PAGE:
Question: We have a room to store about ten 55-gallon oil drums and fifteen five-gallon oil pails at our wastewater treatment plant. Forklifts and other vehicles can’t make it into the room, which lowers the risk of a drum being punctured. We’d like to provide secondary containment for these drums. Would a relatively shallow, 5.75” deep containment deck, such as this Poly Drip Deck, be sufficient to store two drums on?
Answer: It is important to protect your drums with secondary containment to prevent leaks and spills making their way to a nearby drain or getting into walkways and creating a slip hazard. Choosing the right type of secondary containment isn’t always clear, especially when you factor in multiple environmental regulations that may apply. Let’s dive into the most common regulations that require containers to have secondary containment and figure out what options might work for your facility.
If the oil is used and being managed under the Environmental Protection Agency’s (EPA) Used Oil Management Rule (40 CFR 279), you would need to provide adequate secondary containment for 10 percent of the total volume or 100 percent of the largest container, whichever is greater. Your largest container is 55 gallons, but the total volume stored is 625 gallons, so you would need to provide 62.5 gallons of secondary containment.
Related content: Does the EPA Allow New Oil to Be Stored Outside of Secondary Containment?
If you are trying to comply with EPA’s Stormwater regulations, a drip deck like the one you mentioned may be a best practice that you could use for managing the “most likely discharge” from a drum. However, if spills from this area could reach a storm drain or water body, you would need to have additional plans/provisions to prevent that in addition to the drip deck such as having spill kits, drain blocking devices or other methods that will successfully keep the pollutant (in this case, oil) from reaching navigable waters.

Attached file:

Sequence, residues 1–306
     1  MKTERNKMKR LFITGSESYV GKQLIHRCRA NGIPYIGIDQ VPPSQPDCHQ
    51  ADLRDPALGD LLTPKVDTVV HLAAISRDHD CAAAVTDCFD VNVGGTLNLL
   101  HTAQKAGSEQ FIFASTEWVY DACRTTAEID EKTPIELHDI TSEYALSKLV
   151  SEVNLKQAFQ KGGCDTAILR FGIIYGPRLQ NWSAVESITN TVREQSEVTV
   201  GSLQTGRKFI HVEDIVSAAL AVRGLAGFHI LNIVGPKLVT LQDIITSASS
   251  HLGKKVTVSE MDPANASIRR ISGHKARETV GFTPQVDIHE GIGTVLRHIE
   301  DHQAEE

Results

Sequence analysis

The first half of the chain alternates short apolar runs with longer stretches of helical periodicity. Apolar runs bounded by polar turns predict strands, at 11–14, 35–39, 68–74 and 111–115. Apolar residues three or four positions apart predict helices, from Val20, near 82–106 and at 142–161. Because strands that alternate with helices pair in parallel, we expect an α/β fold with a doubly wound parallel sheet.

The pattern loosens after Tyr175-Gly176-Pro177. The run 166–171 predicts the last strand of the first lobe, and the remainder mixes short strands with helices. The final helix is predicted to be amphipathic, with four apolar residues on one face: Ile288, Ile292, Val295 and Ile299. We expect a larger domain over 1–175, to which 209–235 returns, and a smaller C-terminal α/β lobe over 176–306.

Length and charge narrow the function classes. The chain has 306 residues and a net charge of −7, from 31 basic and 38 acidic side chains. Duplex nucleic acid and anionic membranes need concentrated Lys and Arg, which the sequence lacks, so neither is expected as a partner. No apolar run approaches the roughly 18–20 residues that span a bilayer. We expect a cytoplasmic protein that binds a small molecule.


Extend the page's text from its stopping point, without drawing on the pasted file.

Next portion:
If the oil is a hazardous waste that is not being managed under EPA’s Used Oil Management Rule, it would be subject to RCRA hazardous waste management rules and require full secondary containment.
If you need to provide full secondary containment for this area, and the room has a floor that is free of cracks and can be sealed, you could possibly use the room itself as containment by putting a berm near the doorway and around the perimeter of the room instead of using drip decks or spill pallets. Many of our customers use our Build-A-Berm System to achieve their secondary containment needs while allowing forklift, dolly and cart traffic to move freely in and out of the room.
The good news is that when it comes to providing secondary containment, you have many options. This allows you to choose the best type – or types – for your situation, and allows you to comply with multiple regulations.